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Hello


Petey

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Brand new to model railway. It's not an easy subject to master, especially when time is short. Nevertheless I am enjoying the learning curve.

Edited by disturbman
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Welcome Aboard Petey!

Looking foreward to hearing about all your experiences ^^

Cheers from Germany

Stephan

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  • disturbman changed the title to Hello
4 hours ago, cteno4 said:

Welcome Petey!

 

glad you found us. What are your train interests?

 

jeff

Currently interested to start N-gauge modelling. However I have a quirky nature and like to branch away from the norm. I really like the idea of creating my own sci-fi shells to put on motor chassis.

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disturbman

I for one am interested to see what you come up with. There are quite a few people kitbashing trains and making sci-fi or invented trains on the Japanese side of Twitter. You probably need to give a look at Tomytec and Greenmax motorized chassis. These are the most easily available without having to buy a full train for experiment. I suppose you will try to 3D-print shells for that kind of projects?

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18 minutes ago, disturbman said:

I for one am interested to see what you come up with. There are quite a few people kitbashing trains and making sci-fi or invented trains on the Japanese side of Twitter. You probably need to give a look at Tomytec and Greenmax motorized chassis. These are the most easily available without having to buy a full train for experiment. I suppose you will try to 3D-print shells for that kind of projects?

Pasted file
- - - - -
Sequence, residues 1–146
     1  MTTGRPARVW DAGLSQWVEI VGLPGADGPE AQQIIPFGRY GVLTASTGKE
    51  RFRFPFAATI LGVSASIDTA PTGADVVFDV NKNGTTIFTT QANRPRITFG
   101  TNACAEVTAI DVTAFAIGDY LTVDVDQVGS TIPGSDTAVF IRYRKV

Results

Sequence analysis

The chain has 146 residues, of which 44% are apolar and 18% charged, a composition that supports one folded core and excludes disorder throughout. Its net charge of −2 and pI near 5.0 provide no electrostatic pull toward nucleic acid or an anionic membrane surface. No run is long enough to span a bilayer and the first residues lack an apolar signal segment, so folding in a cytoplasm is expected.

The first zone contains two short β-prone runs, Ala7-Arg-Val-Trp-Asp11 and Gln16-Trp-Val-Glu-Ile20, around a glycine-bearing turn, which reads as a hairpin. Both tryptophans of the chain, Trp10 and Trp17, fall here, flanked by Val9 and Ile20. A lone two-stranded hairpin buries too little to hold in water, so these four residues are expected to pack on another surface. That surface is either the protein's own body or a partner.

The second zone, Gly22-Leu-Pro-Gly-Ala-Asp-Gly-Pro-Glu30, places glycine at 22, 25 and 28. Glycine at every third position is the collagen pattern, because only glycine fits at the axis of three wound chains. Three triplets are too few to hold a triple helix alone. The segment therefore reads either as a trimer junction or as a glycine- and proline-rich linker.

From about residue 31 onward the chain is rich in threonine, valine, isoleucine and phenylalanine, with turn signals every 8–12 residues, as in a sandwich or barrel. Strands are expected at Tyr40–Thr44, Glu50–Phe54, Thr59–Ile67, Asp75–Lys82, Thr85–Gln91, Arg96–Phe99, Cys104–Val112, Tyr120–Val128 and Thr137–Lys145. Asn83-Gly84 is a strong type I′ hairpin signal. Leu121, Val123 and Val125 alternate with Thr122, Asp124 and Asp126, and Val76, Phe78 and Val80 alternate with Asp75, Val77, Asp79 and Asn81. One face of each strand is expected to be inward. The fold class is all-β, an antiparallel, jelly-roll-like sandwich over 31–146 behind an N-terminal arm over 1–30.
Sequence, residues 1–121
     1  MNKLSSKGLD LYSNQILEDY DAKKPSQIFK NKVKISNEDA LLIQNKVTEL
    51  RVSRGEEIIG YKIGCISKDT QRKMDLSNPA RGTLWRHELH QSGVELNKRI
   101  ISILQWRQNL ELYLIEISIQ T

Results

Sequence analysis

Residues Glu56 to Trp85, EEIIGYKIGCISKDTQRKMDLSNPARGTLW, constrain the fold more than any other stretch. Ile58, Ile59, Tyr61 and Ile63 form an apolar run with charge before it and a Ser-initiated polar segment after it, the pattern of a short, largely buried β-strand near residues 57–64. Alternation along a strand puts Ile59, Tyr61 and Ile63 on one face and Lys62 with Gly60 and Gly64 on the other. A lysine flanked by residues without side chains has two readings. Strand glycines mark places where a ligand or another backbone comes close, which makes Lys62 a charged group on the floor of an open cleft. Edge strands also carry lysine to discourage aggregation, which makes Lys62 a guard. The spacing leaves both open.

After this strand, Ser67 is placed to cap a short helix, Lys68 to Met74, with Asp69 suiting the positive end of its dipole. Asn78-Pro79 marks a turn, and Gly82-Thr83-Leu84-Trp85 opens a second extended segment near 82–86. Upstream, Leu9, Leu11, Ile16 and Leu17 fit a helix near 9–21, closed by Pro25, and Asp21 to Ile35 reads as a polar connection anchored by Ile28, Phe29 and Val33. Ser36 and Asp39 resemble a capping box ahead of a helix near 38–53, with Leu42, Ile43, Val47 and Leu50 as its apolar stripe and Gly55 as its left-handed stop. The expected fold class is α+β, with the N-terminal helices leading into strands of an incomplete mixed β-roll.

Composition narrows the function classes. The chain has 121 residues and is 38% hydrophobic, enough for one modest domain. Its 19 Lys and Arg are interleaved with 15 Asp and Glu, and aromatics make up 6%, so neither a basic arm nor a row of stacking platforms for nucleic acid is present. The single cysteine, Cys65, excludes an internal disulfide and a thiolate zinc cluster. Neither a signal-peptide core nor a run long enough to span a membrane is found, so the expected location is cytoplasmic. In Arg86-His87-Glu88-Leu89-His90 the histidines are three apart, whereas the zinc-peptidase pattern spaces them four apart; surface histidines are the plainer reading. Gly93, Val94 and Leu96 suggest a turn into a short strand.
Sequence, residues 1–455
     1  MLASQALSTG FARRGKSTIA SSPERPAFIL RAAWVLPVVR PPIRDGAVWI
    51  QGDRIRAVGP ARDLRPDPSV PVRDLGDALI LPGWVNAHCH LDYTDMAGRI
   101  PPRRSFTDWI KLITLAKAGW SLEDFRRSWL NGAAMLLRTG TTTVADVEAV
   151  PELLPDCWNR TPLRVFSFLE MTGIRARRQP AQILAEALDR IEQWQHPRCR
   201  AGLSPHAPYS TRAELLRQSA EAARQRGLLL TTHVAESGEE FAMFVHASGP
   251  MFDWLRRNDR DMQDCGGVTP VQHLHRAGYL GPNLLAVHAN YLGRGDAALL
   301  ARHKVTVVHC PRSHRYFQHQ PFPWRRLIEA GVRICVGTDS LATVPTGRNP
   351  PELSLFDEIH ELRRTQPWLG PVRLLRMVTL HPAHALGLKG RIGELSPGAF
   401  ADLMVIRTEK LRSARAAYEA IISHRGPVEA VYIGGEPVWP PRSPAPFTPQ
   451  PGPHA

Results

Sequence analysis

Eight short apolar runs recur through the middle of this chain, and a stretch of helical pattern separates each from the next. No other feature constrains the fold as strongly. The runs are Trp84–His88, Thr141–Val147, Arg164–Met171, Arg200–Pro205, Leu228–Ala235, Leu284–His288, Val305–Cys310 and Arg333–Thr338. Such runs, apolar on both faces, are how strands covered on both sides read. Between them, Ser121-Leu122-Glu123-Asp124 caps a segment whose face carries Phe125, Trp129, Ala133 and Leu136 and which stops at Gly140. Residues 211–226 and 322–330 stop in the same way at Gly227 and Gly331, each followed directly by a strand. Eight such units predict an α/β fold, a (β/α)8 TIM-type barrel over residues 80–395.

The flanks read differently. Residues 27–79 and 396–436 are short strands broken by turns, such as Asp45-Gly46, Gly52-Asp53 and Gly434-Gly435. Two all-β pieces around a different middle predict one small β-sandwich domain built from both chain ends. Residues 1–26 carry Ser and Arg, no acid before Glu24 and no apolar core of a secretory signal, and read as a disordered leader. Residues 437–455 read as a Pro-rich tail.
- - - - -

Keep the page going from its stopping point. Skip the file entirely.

No, I will not try to 3D-printing shells. I prefer to use chance and intuition; for me, it's more fun that way.

 

Thanks for the tips and referrals. I have seen the Tomytec before but, because I am just a newbie, I was not sure they were the equivalent chassis as the ones used in fully manufactured models. I am glad to now realize that they are.

 

The one I want to use needs to have screws, such as the Kato 11-104 (see photo), for securing the shell. It seems that other chassis look as if the shells 'clip' into place (where a 3D printer would come in handy). What do you think?

KA-11-104_02_lg.jpg

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disturbman

In N, the bodies are made to clip to the shells. Clip placement is often very standardized for each brands, but since rolling-stock comes in diverse forms and length (train length varies between 16m and 21m in Japan - more or less, I'm not counting the outliers like Shinkansens), they all have a few different chassis.

Tomytec chassis are produced for their Railway Collection, a series of cheap trains that need many parts to become proper (running) models. You could play with some to figure out their clips. A two-car set cost usually between 3500 and 4500 JPY (Hobby Search price) without any add-ons.

Greenmax chassis are better quality than Tomytec's, they use a coreless motors, and are widely available. Their chassis fit their kits and finished models. GM chassis will give you the possibility to fit a floor plate. Price is about 4500 JPY per unit.